Nike and Muji Accused of ‘Serious Breach’ in China’s Annual Consumer Show
China's annual consumer rights day TV show turned into a major fiasco on Wednesday after the state broadcaster alleged the U.S. sports brand Nike and Japanese retail giant Muji of blatantly cheating their Chinese consumers.
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A annual two hour long show broadcasted on the state owned CCTV channel accused Nike of misleading its customers by falsely claiming that its "Hyperdunk" basketball shoes are fitted with high-tech air cushions.
In the same show, China's retail behemoth Muji was reprimanded for selling food products in China that were allegedly imported from a region in Tokyo where high levels of radiation were detected in 2015.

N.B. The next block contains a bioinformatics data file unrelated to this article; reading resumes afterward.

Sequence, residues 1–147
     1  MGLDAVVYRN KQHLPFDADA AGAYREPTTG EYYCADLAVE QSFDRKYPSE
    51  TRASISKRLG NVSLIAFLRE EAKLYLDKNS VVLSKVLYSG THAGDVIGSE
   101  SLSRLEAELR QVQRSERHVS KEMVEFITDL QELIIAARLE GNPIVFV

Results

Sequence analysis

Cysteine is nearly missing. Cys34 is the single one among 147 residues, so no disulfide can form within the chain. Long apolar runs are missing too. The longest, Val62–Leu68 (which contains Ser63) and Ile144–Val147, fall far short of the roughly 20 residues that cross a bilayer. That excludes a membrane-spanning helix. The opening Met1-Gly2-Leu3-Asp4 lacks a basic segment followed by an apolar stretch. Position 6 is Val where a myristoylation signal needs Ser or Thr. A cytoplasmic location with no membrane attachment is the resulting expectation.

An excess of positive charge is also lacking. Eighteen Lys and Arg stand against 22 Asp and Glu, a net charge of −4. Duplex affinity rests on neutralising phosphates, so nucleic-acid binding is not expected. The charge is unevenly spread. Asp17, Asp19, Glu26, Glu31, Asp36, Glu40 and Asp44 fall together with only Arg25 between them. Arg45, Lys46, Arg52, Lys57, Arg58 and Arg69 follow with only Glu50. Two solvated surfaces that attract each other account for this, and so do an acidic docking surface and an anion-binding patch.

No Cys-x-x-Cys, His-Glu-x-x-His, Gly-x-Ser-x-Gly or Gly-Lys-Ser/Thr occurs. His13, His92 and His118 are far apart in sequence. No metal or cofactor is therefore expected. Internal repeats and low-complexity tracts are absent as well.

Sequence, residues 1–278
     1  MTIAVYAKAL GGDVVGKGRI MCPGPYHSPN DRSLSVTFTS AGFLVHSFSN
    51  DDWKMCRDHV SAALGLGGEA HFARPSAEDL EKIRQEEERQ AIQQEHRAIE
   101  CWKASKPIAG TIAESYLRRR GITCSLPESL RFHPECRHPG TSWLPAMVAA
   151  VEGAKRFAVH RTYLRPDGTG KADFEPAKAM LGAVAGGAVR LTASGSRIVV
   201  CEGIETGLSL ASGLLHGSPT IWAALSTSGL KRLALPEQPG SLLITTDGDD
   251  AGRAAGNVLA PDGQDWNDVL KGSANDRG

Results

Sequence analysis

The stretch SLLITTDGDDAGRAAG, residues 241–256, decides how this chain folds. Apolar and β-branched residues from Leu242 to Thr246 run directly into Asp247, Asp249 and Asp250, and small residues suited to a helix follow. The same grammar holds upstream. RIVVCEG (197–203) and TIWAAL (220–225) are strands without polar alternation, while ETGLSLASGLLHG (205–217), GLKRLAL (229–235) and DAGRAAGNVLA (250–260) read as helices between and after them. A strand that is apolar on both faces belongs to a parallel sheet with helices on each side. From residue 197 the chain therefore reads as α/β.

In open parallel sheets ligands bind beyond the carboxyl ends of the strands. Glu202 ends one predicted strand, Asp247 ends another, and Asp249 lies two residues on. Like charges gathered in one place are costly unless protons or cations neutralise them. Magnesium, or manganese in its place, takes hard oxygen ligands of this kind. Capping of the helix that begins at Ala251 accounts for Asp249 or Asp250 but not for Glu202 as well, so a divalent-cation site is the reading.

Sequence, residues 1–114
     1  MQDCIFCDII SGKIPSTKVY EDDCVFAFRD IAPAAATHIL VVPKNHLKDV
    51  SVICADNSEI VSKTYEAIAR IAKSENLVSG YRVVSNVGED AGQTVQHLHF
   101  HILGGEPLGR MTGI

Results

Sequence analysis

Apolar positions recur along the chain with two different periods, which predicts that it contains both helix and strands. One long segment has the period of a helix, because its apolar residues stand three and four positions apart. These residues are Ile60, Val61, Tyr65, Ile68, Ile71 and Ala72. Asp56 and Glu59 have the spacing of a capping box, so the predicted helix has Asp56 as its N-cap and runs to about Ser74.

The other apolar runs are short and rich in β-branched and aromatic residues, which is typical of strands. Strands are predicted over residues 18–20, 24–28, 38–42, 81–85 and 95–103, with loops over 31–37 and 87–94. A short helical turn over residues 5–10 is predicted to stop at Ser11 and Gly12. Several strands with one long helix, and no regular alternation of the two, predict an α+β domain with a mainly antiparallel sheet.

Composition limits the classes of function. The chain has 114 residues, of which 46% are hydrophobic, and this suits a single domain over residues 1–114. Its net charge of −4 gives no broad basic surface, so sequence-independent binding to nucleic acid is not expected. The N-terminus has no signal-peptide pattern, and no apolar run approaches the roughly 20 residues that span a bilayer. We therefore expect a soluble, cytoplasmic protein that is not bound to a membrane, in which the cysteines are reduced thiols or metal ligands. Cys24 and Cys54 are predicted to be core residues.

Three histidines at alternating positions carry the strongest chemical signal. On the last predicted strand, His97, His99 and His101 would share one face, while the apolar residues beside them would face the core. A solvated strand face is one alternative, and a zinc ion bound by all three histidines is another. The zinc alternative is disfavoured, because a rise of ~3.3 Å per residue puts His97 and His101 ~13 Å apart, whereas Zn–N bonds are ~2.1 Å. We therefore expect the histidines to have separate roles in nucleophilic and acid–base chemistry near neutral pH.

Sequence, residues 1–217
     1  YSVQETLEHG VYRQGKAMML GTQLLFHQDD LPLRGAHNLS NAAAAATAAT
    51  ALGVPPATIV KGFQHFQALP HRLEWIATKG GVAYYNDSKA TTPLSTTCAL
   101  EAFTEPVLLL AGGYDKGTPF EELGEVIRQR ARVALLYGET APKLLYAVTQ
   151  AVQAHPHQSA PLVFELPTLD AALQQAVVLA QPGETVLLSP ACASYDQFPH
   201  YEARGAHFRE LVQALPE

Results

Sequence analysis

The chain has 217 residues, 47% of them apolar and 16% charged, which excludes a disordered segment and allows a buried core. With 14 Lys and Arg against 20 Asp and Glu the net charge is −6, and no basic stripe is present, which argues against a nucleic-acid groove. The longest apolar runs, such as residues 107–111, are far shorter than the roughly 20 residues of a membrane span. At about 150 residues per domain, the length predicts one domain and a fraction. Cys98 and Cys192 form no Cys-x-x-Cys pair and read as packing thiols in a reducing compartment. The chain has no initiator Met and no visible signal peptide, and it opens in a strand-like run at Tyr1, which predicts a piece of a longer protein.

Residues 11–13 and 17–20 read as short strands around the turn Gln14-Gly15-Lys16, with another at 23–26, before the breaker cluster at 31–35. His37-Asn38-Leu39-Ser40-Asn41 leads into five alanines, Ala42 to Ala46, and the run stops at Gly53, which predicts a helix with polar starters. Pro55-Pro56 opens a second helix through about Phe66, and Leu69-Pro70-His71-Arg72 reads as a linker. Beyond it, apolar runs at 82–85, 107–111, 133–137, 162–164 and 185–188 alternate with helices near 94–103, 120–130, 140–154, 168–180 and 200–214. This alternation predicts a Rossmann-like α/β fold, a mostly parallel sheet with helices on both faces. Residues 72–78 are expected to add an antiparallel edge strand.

Both companies were quick to respond to these serious allegations that could potentially jeopardize their sales in the world's biggest consumer market. Muji said on Thursday that it is not "selling any food products in China" that were imported from radioactive contaminated regions, while Nike clarified that it will fully cooperate with Chinese regulators in the case.
Nike and Muji are not the first big companies to be publicly reprimanded in this high profile consumer rights show, also known as '315.' Other big brands like Apple and Volkswagen have also faced flaks at this annual show, with Apple having to make a rare public apology after the tech giant was questioned for its poor after-sales service.
Most companies, especially foreign companies, are extremely mindful that it does not face any criticisms in this annual show. Although the show has lost much of its popularity over the years, it still continues to hold huge influence over the Chinese consumers.
Any damage to reputation means huge loss in revenues & profit and engaging in a mammoth struggle to rebuild the confidence among the Chinese consumers.